• Institutions must certify that all gainful employment programs meet applicable accreditation requirements and state or federal licensure standards.
  • All gainful employment programs must pass metrics to continue eligibility in the student financial aid program, including: the estimated annual loan payment of typical graduates does not exceed 20 percent of their discretionary earnings or 8 percent of their total earnings and the default rate for former students does not exceed 30 percent. 
  • Additionally, institutions must publicly disclose information about the program costs, debt, and performance of their gainful employment programs so that students can make informed decisions. 
Link to release:  http://www.ed.gov/news/press-releases/obama-administration-takes-action-protect-americans-predatory-poor-performing-ca
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As Reported on the NextGov Website

VA Rewards Employee Who Stole $31K, Sexted on Govt. Computers with Paid Time Off

SextingVA Representative

In a March 13 article by Bob Brewin on the NextGov website, an unidentified VA ratings service representative in Nashville, Tenn., who downloaded software onto his agency laptop to sext friends and misused $31,000 in travel funds, was placed on paid administrative leave this week. The Nashville ratings representative managed to win the backing of supervisors for a job at the Washington-based VA Center for Innovation and between May 2011 and February 2013 traveled “at his own discretion” to Washington 34 times and took one trip each to Newark, N.J., and Tampa, Fla., at a total cost to taxpayers of $109,200, the IG reported.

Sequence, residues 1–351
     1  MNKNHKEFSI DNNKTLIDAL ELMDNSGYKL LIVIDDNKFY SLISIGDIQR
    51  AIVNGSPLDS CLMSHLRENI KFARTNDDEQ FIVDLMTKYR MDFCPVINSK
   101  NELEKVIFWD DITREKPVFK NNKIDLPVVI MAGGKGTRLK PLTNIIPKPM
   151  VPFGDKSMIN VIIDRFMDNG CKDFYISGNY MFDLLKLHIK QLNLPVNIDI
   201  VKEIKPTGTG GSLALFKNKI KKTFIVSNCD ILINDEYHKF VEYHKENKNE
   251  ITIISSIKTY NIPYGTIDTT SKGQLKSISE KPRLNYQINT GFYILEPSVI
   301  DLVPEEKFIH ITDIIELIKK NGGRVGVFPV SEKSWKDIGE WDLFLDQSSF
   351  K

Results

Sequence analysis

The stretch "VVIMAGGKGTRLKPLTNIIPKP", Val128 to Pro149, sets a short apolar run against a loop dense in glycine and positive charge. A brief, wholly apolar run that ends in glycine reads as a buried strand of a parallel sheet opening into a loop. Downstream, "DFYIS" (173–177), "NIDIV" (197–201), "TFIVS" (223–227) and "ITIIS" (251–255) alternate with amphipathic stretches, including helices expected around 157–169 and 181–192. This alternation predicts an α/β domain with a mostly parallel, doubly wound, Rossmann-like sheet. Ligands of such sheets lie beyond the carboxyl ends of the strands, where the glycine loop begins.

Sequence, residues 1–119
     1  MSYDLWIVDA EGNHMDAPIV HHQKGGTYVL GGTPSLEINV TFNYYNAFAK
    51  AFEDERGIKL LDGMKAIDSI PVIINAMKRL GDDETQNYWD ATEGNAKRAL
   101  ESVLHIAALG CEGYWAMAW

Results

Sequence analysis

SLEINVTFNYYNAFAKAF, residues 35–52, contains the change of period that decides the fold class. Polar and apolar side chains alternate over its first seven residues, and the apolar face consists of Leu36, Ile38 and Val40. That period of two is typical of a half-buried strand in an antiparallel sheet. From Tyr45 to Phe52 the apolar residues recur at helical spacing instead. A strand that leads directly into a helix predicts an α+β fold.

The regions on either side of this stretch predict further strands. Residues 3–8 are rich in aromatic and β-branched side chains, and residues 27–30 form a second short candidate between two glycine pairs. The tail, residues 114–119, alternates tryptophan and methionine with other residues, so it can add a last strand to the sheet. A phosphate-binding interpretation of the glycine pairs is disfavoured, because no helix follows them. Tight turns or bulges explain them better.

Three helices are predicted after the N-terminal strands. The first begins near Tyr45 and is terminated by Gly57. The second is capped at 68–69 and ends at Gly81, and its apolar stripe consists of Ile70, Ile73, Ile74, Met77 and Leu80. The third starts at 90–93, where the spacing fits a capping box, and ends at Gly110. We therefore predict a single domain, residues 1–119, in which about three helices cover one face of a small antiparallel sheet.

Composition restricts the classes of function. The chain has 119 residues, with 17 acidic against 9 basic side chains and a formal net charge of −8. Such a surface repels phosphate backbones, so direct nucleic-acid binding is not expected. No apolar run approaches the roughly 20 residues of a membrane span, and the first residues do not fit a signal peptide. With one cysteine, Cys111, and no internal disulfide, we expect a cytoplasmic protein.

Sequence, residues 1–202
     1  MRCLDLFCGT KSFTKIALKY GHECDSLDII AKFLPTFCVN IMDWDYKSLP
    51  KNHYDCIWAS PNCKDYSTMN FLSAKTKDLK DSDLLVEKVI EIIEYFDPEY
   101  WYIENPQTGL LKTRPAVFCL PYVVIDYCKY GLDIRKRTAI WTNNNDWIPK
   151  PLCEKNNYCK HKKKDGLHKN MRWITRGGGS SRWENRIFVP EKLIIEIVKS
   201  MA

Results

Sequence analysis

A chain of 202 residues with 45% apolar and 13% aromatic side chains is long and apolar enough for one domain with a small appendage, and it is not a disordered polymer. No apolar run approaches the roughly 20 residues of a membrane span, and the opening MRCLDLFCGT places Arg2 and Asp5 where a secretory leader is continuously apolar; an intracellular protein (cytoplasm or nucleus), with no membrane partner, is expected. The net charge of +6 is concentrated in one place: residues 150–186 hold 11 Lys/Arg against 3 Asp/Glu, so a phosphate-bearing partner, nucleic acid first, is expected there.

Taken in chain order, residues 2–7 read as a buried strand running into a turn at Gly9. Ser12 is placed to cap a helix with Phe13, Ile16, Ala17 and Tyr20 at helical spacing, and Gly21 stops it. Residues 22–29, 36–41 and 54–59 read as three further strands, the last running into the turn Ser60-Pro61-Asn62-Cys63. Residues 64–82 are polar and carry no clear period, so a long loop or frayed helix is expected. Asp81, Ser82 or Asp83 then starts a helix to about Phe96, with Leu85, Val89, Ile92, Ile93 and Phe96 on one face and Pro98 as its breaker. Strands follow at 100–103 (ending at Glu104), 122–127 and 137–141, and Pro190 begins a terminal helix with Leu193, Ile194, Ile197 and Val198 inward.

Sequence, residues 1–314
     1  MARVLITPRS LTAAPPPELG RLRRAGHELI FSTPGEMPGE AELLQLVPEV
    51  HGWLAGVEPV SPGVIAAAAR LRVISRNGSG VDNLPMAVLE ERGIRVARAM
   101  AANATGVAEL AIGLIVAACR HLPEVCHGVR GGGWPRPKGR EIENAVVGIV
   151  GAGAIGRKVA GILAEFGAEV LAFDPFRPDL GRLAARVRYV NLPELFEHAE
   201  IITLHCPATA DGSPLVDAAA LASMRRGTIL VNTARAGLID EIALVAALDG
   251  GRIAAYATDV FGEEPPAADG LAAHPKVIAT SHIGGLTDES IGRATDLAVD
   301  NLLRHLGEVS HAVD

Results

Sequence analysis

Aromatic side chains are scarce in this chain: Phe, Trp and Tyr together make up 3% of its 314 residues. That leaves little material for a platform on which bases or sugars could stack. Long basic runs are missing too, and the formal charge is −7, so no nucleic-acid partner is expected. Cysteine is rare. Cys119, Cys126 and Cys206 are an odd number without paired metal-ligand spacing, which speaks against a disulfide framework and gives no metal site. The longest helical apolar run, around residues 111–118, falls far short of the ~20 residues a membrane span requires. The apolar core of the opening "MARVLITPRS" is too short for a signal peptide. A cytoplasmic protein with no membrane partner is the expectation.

Read complete story here

As Reported by the Washington Times

AK Bill Would Allow Consideration of PTSD in Sentencing

In a March 11 article by Mike Coppock of the AP that appeared in the Washington Times, Post-traumatic Stress Disorder and traumatic brain injuries could be used as a mitigating factor in the sentencing of combat veterans convicted of crimes under a bill considered Tuesday in the Alaska House Military and Veterans' Affairs Committee.

Read complete story here    

As Reported by the Washington Examiner

VA Secretary Says Agency Is Open and Accountable

Eric Shinseki

In a March 13 Washington Examiner article by Mark Flatten, Representative Tim Huelskamp (R-KS) confronted Secretary Shinseki about roughly 70 recent instances he'd found in which Veterans Affairs officials refused to respond to media questions on topics including disability claims backlogs, patient deaths, and the mass purging of scheduled medical tests and procedures.

Read complete story here